Everyone who uses social networking sites bears a certain responsibility. Thus, everyone can ensure that hate speech and especially the consequences thereof do not take on far-reaching dimensions. To accomplish this, it is important to create a digital civil society. This can mean to not look away when you encounter hate speech on social networking sites. It also means to actively stand up against hate. It is necessary to show civil courage offline and online and thus demonstrate that hatred and harassment have no place in our society. As the study by Garland et al (2020) already showed, counter speech actually has a depolarizing effect and encourages people to engage in further counter speech. The result is a drastic reduction in the incidence of hate speech.

Hate speech, especially against minorities, has increasingly become a problem in digital societies. This has serious consequences for the victims and for society, as it reduces the coarsening of discourse and the willingness to participate in digital space. Hate speech is often implicit, and hence not directly tangible. However, it can be fought by the platform providers and through state intervention. Ultimately, each individual can contribute to an improvement in social interaction through courageous intervention.

References:

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Bleich, E. (2011). The Rise of Hate Speech and Hate Crime Laws in Liberal Democracies. Journal of Ethnic and Migration Studies, 917–934. https://doi.org/10.1080/1369183X.2011.576195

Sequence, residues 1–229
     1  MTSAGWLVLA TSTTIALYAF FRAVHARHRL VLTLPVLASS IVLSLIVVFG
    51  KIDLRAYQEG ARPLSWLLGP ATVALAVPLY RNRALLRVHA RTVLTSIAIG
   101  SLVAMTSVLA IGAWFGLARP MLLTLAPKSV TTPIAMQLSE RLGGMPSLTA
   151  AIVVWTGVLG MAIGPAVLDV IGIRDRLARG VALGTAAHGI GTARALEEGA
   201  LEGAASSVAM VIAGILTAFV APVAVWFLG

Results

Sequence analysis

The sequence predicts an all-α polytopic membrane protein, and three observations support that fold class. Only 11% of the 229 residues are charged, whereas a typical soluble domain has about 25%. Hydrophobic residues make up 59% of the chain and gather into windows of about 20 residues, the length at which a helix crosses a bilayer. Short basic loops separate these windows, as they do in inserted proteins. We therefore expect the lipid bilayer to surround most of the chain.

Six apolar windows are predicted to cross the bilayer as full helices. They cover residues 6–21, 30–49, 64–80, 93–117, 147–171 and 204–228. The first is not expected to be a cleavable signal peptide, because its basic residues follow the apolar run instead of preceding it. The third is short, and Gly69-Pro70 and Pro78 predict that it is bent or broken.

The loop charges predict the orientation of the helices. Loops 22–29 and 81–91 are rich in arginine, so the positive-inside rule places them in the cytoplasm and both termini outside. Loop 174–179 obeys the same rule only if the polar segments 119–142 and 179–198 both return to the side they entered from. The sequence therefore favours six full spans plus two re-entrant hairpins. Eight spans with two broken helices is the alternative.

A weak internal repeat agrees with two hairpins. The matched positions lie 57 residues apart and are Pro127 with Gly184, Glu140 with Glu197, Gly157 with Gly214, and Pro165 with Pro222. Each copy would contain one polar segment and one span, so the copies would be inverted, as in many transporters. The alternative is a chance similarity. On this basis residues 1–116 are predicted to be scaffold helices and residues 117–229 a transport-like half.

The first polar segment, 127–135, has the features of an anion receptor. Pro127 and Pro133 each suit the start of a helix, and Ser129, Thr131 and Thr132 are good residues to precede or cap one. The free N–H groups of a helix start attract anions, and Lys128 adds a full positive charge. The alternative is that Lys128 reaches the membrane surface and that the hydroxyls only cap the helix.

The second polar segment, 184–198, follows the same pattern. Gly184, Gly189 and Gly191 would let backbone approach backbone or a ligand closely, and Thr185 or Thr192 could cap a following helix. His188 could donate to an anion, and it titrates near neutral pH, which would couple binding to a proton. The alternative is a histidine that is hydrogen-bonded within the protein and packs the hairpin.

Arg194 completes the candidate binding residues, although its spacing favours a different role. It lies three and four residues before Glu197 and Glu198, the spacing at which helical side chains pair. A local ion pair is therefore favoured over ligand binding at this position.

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Garland, J., Ghazi-Zahendi, K., Young, J.-G., Hebert-Dufresne, L. & Galesic, M. (2020). Impact and Dynamics of Hate and Counter Speech Online. Arxiv, 1–15.
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Geschke, D., Klaßen, A., Quent, M. & Richter, C. (2019, Juni). #Hass im Netz: der schleichende Angriff auf unsere Demokratie. Eine Bundesweite Repräsentative Untersuchung. compact. https://blog.campact.de/content/uploads/2019/07/Hass_im_Netz-Der-schleichende-Angriff.pdf

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Walker, S. (1994). Hate Speech: The History of an American Controversy. University of Nebraska Press. https://books.google.de/books?hl=de&lr=&id=-WSsPBSK6wYC&oi=fnd&pg=PA1&dq=Walker,+S.+1994.+Hate+Speech:+The+History+of+an+American+Controversy.
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Hate Speech – When words become weapons in online networks